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A tribute to gracious woman of faith: Susau Etika Jane Strickland

Monday 11 April 2022 | Written by Melina Etches | Published in Local, National


A tribute to gracious woman of faith: Susau Etika Jane Strickland
Susau Etika Jane Strickland QSM (seated) with members of her family and her Kingsland Rotuman Methodist Congregation. SUPPLIED/22041003

Ö’hön ta Susau Etika Jane Strickland QSM passed away peacefully on Thursday, March 17, 2022, surrounded by family at her home in Auckland, New Zealand.

Susau was the first Pacific woman to become the vice-president of the Methodist Church of New Zealand in 1997. She and the then president, Reverend Norman Brooks faced with the challenging task of pastorally guiding the Methodist Church of New Zealand through the decisions about the ordination of candidates for clergy, regardless of their sexual orientation.

In 2006 she received a Queen’s Service Medal (QSM) for services in the community from the New Zealand Governor General at the time Dame Silvia Cartwright.

Born on the island of Rotuma in 1935 to parents Timote Pene and Tipo Jieni, Susau was the younger sibling of her dearest and only brother, Mamao Konousi.

From an early age she was educated in Suva, Fiji, and later chose to pursue a career in nursing, following in the footsteps of her mother. She trained and served in the demanding but fulfilling field of nursing, a career she was dedicated to for over five decades.

Her children - Pat, Ben, Edwina and Naomi at the grave site of their mother adorned with intricately made Rotuman tefui/garlands, as a mark of respect and deep love for their mother. MELINA ETCHES/22041001

Susau was the first wife of the late Dr Mata Strickland of Aitutaki, Cook Islands. After the birth of their eldest daughter in Rotuma, the young couple with their daughter moved to the Cook Islands where they raised four more children, whilst serving as a medical doctor and nurse team stationed all over the Cook Islands for most of the first two decades of their medical careers.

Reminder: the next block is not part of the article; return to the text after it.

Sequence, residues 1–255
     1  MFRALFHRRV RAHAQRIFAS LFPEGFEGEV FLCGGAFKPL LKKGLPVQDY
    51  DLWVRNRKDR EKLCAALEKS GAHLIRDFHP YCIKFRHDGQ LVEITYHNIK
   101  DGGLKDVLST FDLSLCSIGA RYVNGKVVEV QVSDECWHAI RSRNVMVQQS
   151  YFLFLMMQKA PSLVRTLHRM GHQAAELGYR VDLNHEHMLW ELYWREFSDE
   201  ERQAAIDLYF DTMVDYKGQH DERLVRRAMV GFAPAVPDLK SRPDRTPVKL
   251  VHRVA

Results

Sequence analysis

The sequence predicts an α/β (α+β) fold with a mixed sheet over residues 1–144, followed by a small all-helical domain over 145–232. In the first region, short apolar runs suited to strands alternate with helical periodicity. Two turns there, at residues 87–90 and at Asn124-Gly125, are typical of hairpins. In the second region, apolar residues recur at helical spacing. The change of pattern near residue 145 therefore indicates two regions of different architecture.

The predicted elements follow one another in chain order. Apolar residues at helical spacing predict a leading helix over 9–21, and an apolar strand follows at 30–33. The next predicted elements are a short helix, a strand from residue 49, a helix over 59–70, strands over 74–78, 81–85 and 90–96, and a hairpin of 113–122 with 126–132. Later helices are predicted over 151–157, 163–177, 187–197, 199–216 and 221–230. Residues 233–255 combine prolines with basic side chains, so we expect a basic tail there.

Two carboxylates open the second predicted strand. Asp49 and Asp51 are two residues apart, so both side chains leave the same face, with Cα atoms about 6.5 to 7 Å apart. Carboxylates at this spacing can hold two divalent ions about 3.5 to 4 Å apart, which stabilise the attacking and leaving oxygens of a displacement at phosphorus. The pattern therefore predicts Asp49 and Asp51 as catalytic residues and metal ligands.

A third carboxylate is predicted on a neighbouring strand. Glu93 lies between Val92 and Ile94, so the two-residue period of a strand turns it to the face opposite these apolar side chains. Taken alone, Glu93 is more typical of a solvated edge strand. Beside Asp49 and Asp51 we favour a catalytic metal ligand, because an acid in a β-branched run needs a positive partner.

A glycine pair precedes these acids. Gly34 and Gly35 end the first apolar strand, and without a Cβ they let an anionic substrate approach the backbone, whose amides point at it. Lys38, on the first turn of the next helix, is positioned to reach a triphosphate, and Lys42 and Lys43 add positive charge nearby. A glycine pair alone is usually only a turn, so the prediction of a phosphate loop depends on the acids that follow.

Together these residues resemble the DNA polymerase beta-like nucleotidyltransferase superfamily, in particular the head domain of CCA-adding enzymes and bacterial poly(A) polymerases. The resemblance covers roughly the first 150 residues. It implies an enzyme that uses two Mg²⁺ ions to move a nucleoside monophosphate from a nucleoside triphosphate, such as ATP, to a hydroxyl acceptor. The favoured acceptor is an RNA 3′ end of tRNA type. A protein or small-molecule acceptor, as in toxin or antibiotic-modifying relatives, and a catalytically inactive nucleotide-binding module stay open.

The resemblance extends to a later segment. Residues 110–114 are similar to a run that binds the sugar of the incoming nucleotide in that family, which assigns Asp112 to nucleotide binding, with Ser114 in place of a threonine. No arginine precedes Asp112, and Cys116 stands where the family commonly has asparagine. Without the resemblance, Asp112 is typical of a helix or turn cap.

Susau was a devoted mother to Patricia, Edwina, Ben, Teina and Naomi, as well as the very proud sigoa of Mata Susau Inoke in Canada, Susau Solomona in Samoa, Teariki Smith in Australia, and Susau Robert and Jane Miriama Strickland in New Zealand.

In the early 1970s, she migrated with her family from the Cook Islands to New Zealand.

Alongside her passion for nursing, Susau devoted much of her life to the service and leadership in different parts of the Rotuman, Fijian and Cook Islands communities in New Zealand.

Of her many vocational roles and responsibilities throughout life included Susau’s calling and dedication to lay ministry leadership and service in her beloved church, Te Haahi Weteriana O Aotearoa.

The Methodist Church of New Zealand, particularly over the last four decades, further extended her knowledge, strengthened her faith and gave her the most joy.

An avid traveller, Susau was also a social justice advocate at heart and in her down time she loved to attend conferences, symposiums and pretty much any opportunity to listen, learn and engage with people particularly on the margins of societies. She had travelled to several countries including the United Kingdom, Korea, South Africa, USA, and the Pacific to attend hui (social or ceremonial gatherings), commemorations and demonstrations – notably with the World Methodist Women’s Fellowship. Also, to observe and learn about methods and ways people practise to approach issues, particularly pertaining to gender justice, indigenous sovereignty, contextualising and decolonising theology.

Susau Etika Jane Strickland QSM with family after receiving her QSM from the Governor General Dame Silvia Cartwright in 2006. MELINA ETCHES/22041002

As the leader of a little inner city Rotuman Methodist Congregation (in Kingsland, Auckland), her adventures made for very rich and sometimes even confronting sermons, as she was always able to beautifully pair the reflections of her adventures with whatever lectionary readings were set for the liturgical seasons at the time, shares her granddaughter TeRito-Ite-Rai-Temeamea Peyroux.

“Although the topics and issues raised could be very confronting and challenging to grapple with – particularly for the more conservative, patriarchal, colonialists among us, her wisdom and grace were always a true expression of a pure, unconditionally loving, gracious and strong Woman of Faith.

“To her many grandchildren and great grandchildren around the world, Susau was a Nana and Great-Nana who loved us all deeply and unconditionally.

“I have fought the good fight, I have finished the race, I have kept the faith.” (2 Timothy 4:7). Hanisiof ma Alalum and Meitaki Atupaka.